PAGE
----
All about The Admiralty (Saint Petersburg)

The Admiralty

During the era of Peter the Great and his successors, the Admiralty was the St. Petersburg's primary shipbuilding wharf area. Most of the buildings on the site at that time were used for building ships, or manufacturing the parts and equipment needed for shipbuilding. Today, the Admiralty and its surrounding premises is the property of the Russian Naval High Command. Tourists are attracted by the legacy architecture and historic symbol – such at the famous weathervane on the main spire of the building, which has gone on to acquire its own fame as the 'little ship' of St Petersburg legend.

Fascinating Facts

  • During Peter the Great's rule, the admiralty launched 262 military vessels to join the Russian fleet. As well as shipbuilding, the Admiralty also provided the role of a naval fortress – being surrounded by fortifications and moats, as part of the defences of Russia's new northern capital.
  • The Admiralty acquired its present appearance in the early 19th century, after it was rebuilt by architect Andreyan Zakharov. All that he retained of the previous project was its tower. All other buildings were rebuilt or repurposed.
  • Ships were built and launched here from 1711 to 1844.

History

Peter the Great arrived at the idea of building new shipbuilding wharves for Russia after a series of unsuccessful attempts to build ships at Lake Ladoga. Matters were further complicated by storms at Lake Ladoga, which prevented the completed ships from making their way to the Neva River.

After reviewing numerous possibilities, it was decided to establish the new shipyards at a good location on the River Neva, directly opposite the Peter & Paul Fortress. Everything was in favour of this spot – the width of the river was ideal, ships could be launched directly into deep and navigable water, and within easy reach was access to the Baltic Sea. Meantime the shipyards were within the protective ambit of the city's fortress. Lumber and materials could be easily transported both by sea and land.

The new Admiralty building was founded on 5th November 1704 – and the first ship was launched from there in May 1706. The very first ship to be built was designed by Peter the Great himself, and today the plans for its construction are kept in a museum.

The thick forest which had once grown in the area around the Admiralty was felled, to provide ideal visibility in all directions. Later on, the area was used not for military activities, but as a spot for public entertainment. Later, the area originally occupied by the Admiralty would give way to new public areas, such as Palace Square, Senate Square, and St Isaac's Square.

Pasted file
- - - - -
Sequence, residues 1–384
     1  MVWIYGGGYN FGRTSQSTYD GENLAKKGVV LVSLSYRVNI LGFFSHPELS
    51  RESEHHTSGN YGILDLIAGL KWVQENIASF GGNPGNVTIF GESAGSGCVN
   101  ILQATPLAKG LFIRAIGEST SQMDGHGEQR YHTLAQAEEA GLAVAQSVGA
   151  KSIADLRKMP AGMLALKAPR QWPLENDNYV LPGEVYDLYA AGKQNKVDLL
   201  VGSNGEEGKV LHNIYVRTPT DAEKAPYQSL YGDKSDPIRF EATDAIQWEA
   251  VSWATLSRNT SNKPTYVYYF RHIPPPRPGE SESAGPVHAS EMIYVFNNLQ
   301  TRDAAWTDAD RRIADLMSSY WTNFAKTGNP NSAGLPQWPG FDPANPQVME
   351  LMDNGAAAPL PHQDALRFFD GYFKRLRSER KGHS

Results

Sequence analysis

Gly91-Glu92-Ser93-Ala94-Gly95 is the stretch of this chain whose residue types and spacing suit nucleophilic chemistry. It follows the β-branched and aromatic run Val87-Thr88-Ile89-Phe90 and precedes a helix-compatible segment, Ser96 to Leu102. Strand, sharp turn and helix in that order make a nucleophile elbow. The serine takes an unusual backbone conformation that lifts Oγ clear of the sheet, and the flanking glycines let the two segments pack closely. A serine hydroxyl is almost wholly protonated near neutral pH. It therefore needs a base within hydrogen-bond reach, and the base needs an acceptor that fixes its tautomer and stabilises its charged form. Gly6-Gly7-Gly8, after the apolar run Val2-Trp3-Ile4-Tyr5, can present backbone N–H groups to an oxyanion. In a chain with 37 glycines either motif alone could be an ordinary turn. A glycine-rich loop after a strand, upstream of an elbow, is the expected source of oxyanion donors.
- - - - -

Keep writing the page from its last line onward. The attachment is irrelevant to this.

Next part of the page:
In 1719, the tower above the Admiralty was first capped with a metal spire, at the top of which flew the famous 'little ship' weathervane. A legend claims that the weathervane contains the personal compass of Tsar Peter the Great. However, confirming this legend or otherwise is now impossible, since the original copy of the weathervane was mislaid during rebuilding works in 1815.

What to see

  • The Admiralty Tower and its spire – one of St. Petersburg's city landmarks. The spire is capped with the famous 'little ship' weathervane. People say that the design of this weathervane was modelled on the battleship 'Eagle' – one of the first military vessels of the Russian Empire
  • The bas-reliefs and carvings on the walls, which illustrate the history of the Russian Fleet. The central arch shows a sculpture called The Creation of the Russian Fleet on its portico, while other facades illustrate naval awards and honours made to the fleet in honour of successful campaigns and victories.
  • Around the perimeter of the Admitalty we find a large number of different sculptures depicting heroes of the classical period. Altogether, there are 23 such statues.
  • There are also some sculptural compositions made of cast-iron anchors. The space where they stand once housed sculptures showing Europe, Asia, Africa and the Americas. However, during the 19th century popular opinion thought these might somehow be pagan symbols, and they were taken down. By the time the decision was reversed, no one knew where to find the sculptures again.
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